The final piece of the puzzle that charts the course to Super Bowl LV next February is in place as the NFL released its 2020 schedule last Thursday.
The league also took measures that anticipate potential changes that could arise due to the coronavirus which allows for a shortened 14- or 12- game schedule.
Strength of schedule (SOS) has been known since last season ended. The final regular season standings determine each team’s opponents for the next season both home and road. Thus it was widely reported that New England has 2020’s toughest schedule as the Patriots’ 2020 opponents were 137-118-1 in 2019 for a 53.7 winning percentage. Baltimore has the easiest schedule as its 2020 opponents were just 112-144 in 2019 (43.8 percent).
But basing this season’s SOS on last season’s results has a major conceptual flaw. Many experienced bettors prefer to use the Season Win Totals (SWT) for the current season as a better indicator of schedule strength.
Using the SWTs from the Westgate SuperBook results in some major differences from the ‘traditional’ SOS method. Rather than having the NFL’s toughest schedule the Patriots have the 11th toughest using 2020 SWTs. Baltimore’s easiest schedule under the traditional method is tied for the sixth-easiest using SWTs.
But those are far from the most dramatic variances. The most dramatic change involves the New York Giants. The traditional method has the G-men playing the seventh-easiest schedule. But SWT has the Giants with the most difficult schedule with an opponents’ projected record of 138-118 (53.9 percent).
The largest shift the other way involves Detroit. Using 2019’s results for this season’s foes the Lions are tied for the fifth-most difficult schedule. Using the SWT’s of this season’s foes Detroit has the fourth-easiest schedule.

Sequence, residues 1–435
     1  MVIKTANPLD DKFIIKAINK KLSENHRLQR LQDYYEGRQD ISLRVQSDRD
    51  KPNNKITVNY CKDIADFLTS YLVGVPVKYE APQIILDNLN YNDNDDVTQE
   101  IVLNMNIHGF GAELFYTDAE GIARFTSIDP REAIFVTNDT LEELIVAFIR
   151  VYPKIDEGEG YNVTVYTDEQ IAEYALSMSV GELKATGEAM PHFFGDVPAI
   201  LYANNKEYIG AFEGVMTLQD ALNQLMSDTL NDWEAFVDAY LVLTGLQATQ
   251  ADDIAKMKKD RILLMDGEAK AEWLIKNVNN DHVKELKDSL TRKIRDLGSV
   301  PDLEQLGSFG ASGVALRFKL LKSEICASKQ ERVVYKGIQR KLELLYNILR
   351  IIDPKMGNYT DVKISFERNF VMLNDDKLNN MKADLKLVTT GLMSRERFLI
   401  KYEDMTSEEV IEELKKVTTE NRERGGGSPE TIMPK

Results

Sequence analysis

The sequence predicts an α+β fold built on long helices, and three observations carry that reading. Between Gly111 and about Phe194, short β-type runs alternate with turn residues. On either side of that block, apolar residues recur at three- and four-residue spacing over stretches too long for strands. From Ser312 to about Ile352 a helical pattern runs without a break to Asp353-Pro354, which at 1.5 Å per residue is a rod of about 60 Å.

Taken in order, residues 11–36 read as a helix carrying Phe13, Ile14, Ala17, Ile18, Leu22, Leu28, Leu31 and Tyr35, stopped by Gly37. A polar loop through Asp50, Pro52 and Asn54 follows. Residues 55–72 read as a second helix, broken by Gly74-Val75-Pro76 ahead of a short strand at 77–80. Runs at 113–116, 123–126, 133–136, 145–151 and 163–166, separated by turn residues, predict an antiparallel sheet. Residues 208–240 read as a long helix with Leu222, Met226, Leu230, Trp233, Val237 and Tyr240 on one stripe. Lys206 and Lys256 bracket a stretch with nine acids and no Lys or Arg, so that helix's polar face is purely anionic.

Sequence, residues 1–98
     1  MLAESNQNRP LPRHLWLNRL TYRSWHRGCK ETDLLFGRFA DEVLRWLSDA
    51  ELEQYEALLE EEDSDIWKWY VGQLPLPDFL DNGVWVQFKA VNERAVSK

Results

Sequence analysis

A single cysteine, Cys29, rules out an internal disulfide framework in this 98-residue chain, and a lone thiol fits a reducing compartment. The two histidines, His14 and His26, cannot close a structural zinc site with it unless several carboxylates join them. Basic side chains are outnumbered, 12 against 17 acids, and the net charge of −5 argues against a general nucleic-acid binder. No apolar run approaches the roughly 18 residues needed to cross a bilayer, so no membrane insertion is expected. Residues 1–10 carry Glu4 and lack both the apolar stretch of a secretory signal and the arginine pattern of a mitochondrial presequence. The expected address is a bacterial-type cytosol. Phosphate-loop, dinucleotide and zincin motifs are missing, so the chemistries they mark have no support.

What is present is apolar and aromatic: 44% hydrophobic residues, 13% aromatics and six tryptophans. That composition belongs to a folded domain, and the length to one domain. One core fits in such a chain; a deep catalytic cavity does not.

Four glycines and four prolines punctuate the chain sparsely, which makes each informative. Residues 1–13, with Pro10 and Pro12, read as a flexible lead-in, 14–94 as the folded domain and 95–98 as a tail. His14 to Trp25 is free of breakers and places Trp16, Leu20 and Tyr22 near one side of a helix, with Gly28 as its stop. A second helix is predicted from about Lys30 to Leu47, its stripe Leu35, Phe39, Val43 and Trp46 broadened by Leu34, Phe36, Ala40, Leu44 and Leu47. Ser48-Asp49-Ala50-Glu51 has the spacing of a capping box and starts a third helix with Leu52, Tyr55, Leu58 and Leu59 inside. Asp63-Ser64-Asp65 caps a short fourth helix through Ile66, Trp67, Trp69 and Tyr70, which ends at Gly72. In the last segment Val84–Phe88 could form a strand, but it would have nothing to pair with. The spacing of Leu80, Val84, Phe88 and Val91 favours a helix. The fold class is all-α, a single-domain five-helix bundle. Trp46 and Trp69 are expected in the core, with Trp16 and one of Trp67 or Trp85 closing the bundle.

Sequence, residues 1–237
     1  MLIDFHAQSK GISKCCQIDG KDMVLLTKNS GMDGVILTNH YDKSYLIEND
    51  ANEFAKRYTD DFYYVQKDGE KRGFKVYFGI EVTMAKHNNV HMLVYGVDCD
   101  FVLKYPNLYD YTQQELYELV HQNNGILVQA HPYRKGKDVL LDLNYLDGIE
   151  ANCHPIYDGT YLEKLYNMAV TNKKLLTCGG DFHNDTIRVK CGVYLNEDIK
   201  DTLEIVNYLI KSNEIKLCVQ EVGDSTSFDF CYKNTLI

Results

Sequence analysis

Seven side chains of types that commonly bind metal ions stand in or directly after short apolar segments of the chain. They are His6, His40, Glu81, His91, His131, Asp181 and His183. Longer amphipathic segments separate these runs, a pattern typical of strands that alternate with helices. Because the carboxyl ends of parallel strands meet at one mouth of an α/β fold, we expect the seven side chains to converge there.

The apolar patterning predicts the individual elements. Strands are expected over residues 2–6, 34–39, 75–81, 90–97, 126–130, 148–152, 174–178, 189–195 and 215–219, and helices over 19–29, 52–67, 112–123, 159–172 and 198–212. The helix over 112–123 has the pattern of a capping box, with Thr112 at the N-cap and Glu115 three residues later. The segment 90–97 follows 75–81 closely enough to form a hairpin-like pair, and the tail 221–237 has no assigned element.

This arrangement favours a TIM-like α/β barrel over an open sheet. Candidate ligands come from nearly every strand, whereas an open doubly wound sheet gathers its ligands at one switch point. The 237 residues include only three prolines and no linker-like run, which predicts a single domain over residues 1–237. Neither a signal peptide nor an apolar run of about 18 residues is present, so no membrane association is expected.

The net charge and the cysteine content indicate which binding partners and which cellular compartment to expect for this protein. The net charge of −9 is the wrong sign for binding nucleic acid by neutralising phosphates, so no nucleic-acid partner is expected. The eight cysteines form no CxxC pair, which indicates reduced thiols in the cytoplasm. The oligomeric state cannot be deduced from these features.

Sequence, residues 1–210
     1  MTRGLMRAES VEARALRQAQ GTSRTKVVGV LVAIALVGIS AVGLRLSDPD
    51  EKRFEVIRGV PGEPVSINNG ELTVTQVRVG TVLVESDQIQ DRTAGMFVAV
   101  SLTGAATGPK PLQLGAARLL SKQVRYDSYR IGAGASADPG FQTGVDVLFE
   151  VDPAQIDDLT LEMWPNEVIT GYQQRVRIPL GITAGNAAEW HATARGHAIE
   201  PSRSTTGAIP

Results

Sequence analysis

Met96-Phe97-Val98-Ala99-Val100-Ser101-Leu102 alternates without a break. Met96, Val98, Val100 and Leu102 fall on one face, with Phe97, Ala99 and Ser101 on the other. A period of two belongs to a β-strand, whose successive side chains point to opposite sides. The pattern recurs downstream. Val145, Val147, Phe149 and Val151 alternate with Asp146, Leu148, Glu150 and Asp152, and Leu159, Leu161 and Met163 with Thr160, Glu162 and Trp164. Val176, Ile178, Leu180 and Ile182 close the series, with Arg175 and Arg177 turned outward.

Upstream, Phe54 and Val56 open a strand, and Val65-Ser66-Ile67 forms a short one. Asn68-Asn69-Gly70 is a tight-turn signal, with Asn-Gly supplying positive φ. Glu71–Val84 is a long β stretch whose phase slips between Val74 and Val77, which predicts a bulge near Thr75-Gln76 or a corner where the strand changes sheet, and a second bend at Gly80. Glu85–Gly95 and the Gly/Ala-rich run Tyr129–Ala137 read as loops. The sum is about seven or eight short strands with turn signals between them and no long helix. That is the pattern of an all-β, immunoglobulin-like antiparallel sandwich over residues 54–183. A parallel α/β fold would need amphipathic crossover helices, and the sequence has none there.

In looking to bet SWTs, the release of the schedule allows us to look for favorable and unfavorable spots for each team that may have the effect of softening a tough schedule or toughening a weak one. Or it could exaggerate a weak or tough schedule. For some teams, the sequencing of their schedule will have minimal impact.
Consider the Giants. The SWT calculation has them with the toughest schedule. What makes the schedule even tougher is how it lays out. Their first four games are all against teams that won at least eight games last season. Five of their next six games are against NFC East rivals with the sixth against up-and-coming Tampa Bay. And those 10 games are before their Week 11 Bye.
No strength of schedule method is perfect. Even SWTs are flawed in that the spread between the lowest SWT (this season it’s Jacksonville at 4.5) and the highest (Baltimore and Kansas City at 11.5) does not reflect what happens in reality.
The current divisional alignment and schedule determination formula has been in place since 2002. In the 18 seasons there have been between three and six teams each season that won at least 12 games and the average is 4.7. There also been between six and 10 teams that have won five or fewer games with an average of 7.6. Excluding the extreme teams of the Ravens, Chiefs and Jaguars, the SWTs for the other 29 teams range from 5.5 to 10.5.